Tag: physics

Elon Musk Says We’re Probably Characters In Some Advanced Civilization’s Video Game

I don’t want to freak you out here, but there’s a chance you’re not the only ‘you’ in existence.

I’m not talking about the possibility that you might actually have two different brains, which means it’s virtually impossible to tell which one is ‘you’.

I’m talking about the fact that there could well be countless parallel universes, and each one contains a slightly different version of you.

Within that parallel universe construct, our own reality might not be as ‘real’ as you think. Are some of the most massive objects in our Universe nothing but holograms?

Is our Universe itself a hologram? Is this whole thing one giant simulation and we’re just characters in the most advanced video game ever? I swear I’m not high.




Everything I just mentioned is part of actual thought experiments that have been devised and debated over by the world’s best thinkers for years now, because one way or another, we have to make sense of this very strange and incredibly unlikely reality we’ve found ourselves in.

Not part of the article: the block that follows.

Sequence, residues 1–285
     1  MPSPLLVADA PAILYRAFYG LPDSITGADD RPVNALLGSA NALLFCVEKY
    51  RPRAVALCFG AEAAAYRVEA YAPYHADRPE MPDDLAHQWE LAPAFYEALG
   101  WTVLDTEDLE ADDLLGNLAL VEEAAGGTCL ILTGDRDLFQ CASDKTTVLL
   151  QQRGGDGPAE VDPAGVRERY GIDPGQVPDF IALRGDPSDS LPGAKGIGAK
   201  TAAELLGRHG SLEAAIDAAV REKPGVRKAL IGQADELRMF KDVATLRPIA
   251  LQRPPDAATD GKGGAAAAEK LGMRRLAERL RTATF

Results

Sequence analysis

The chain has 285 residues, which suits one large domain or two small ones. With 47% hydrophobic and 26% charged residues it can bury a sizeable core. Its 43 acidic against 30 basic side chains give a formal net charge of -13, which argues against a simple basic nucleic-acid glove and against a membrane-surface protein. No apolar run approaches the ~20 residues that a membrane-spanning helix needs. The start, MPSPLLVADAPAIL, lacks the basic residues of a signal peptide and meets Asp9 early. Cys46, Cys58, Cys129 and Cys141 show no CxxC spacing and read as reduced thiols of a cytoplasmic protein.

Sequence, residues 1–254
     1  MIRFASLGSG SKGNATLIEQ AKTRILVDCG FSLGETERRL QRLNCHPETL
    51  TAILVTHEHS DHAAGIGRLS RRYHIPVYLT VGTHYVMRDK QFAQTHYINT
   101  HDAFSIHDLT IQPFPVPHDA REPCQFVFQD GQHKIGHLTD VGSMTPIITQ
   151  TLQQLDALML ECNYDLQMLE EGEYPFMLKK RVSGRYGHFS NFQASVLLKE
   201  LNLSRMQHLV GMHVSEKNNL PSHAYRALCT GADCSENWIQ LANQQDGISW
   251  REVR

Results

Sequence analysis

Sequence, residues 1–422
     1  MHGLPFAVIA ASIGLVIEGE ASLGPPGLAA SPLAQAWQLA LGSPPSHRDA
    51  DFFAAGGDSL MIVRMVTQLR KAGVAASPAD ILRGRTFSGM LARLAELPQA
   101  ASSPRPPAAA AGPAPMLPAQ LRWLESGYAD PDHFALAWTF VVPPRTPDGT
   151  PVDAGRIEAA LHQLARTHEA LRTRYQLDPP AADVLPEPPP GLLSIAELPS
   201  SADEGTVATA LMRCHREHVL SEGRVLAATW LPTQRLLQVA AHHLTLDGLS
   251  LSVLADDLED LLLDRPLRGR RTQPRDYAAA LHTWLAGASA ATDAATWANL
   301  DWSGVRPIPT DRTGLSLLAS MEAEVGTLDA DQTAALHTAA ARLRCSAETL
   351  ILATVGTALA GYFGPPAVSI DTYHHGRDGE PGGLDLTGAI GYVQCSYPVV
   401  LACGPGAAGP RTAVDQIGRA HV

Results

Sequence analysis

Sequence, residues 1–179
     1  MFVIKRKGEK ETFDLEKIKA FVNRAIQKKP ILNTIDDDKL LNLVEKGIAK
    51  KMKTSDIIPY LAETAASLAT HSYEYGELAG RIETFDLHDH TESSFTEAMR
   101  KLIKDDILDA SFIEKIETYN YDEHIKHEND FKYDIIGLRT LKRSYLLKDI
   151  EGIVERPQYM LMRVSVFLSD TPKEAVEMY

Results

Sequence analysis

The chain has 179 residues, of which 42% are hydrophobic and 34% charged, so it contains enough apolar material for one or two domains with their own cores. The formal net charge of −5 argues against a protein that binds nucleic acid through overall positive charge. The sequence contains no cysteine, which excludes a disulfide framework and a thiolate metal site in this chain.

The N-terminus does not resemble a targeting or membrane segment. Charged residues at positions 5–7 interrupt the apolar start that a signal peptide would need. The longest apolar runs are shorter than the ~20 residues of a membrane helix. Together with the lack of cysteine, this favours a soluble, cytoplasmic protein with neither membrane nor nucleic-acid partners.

At Recode’s annual Code Conference this week in California, billionaire tech genius Elon Musk was asked about the possibility of us humans being unwitting participants in a giant simulation built by some alien civilization that’s far more advanced than our own.

His argument is pretty simple, if we look at our own history of video games. Forty years ago, video games meant stuff like Pong and Space Invaders.

Now we have photorealistic, three-dimensional stuff that looks like this, and we could have millions, potentially even billions, of people all playing the same game online at the same time.

Sure, there’s a certain ‘uncanny valley‘ quality to our video game counterparts right now, but think of what things are going to look like in another 40, or even 20 years’ time, with virtual and augmented reality already trying to inch its way into our living rooms.

Musk explains:

“If you assume any rate of improvement at all, then the games will become indistinguishable from reality, even if that rate of advancement drops by a thousand from what it is now. Then you just say, okay, let’s imagine it’s 10,000 years in the future, which is nothing on the evolutionary scale.

So given that we’re clearly on a trajectory to have games that are indistinguishable from reality, and those games could be played on any set-top box or on a PC or whatever, and there would probably be billions of such computers or set-top boxes, it would seem to follow that the odds that we’re in base reality is one in billions.”